Part 2: A Primitive Parser

This post is part of a series about learning Rust and building a small programming language.


Now that the lexer is actually lexing, we can start parsing. This is where the Tree in Abstract Syntax Tree really comes in. What the parser is going to do is take a flat sequence of tokens and transform it into a shape that represents the actual structure of the code.

The actual nodes in the AST are represented as an enum with a different case for each node type. The individual node types could also be structs that share a common trait, but so far the enum works fine.

enum Node {
	Integer(i64),
	BinaryOp {
		left: Box<Node>,
		right: Box<Node>,
	},
}

The BinaryOp node doesn’t have an operator type for now because the only supported one is addition, but it’ll be added in the future. Also, the operands of the binary operator are both boxed (stored on the heap) because otherwise the Node type would be recursive and its size not knowable at compile-time.

There’s a helper function that takes a slice of tokens and calls another function that does all of the actual work of parsing.

The parser is a simple recursive descent parser, so the function that does the actual parsing mutably borrows (for the same reasons as the lexer) an iterator that iterates over tokens. The actual iterator it receives is a peekable one, with the underlying iterator type specified with a generic.

I haven’t the faintest idea why the lifetime is needed here, because I still haven’t read that chapter of the book. But hey, adding it fixed the compiler error and it seems to work fine.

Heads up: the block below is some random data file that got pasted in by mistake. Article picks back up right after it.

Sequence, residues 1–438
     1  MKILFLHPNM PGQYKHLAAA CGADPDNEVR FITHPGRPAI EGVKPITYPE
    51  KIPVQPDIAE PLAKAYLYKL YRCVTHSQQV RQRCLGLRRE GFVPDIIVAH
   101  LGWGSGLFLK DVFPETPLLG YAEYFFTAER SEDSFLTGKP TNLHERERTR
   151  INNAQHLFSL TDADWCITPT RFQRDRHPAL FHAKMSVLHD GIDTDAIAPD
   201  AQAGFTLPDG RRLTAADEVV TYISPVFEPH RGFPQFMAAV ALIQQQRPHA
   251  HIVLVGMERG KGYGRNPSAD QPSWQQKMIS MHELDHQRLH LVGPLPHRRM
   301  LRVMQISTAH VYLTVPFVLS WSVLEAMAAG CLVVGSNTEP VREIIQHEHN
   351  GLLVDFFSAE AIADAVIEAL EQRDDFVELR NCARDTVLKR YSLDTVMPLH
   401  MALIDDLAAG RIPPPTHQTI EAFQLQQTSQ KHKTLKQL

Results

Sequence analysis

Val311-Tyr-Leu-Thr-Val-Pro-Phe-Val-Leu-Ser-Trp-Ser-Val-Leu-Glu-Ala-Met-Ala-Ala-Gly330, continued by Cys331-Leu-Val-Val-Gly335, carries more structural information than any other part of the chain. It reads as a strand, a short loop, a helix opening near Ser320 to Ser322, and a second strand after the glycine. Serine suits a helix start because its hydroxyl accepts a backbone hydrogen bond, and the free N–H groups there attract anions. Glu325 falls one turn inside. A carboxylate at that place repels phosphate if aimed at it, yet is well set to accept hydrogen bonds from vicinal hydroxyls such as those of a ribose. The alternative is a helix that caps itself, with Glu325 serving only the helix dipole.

fn do_parse<'a, T: Iterator<Item = &'a Token>>(it: &mut std::iter::Peekable<T>) -> Option<Node> {
}

The do_parse function first ensures that there is a node (otherwise it returns None) and then constructs the appropriate node based on the type of the token. For now, that means just integer literals. If there’s any other type of token, it panics because it can’t be turned into a node (again, actual error reporting will come later).

fn do_parse<'a, T: Iterator<Item = &'a Token>>(it: &mut std::iter::Peekable<T>) -> Option<Node> {
	if it.peek().is_none() {
		return None;
	}

	let mut node: Node = match it.next().unwrap() {
		Token::Integer(n) => Node::Integer(n),
		tok => panic!("unexpected token: {:?}", tok),
	};
}

After that, it checks if there are any tokens remaining. If there aren’t, the node is returned as-is.

If there is another token, and it’s a plus sign, it creates a new binary operator node, making the previously-created node to the left operand. To get the right operand, it calls do_parse (putting the recursion into recursive descent) to create a node from the remaining tokens (if it doesn’t find a right-hand side token, it simply panics). If the next token is of any other type, it’s not able to combine it with the existing node into a new node, so it panics.

fn do_parse<'a, T: Iterator<Item = &'a Token>>(it: &mut std::iter::Peekable<T>) -> Option<Node> {
	// ...
	match it.next() {
		Some(Token::Plus) => {
			node = Node::BinaryOp {
				left: Box::new(node),
				right: Box::new(do_parse(it).expect("expression after binary operator")),
			}
		}
		Some(tok) => panic!("unexpected token: {:?}", tok),
		None => (),
	}

	Some(node)
}

And with that, it can parse a simple expression!

fn main() {
	let tokens = tokenize("12 + 34 + 56");
	let node = parse(tokens);
	println!("node: {:#?}", node);
}
$ cargo run
node: Some(
    BinaryOp {
        left: Integer(12),
        right: BinaryOp {
            left: Integer(34),
            right: Integer(56),
        },
    },
)

The eagle-eyed may notice that while we have parsed the expression, we have not parsed it correctly. What’s missing is operator precedence and associativity, but that will have to wait for next time.

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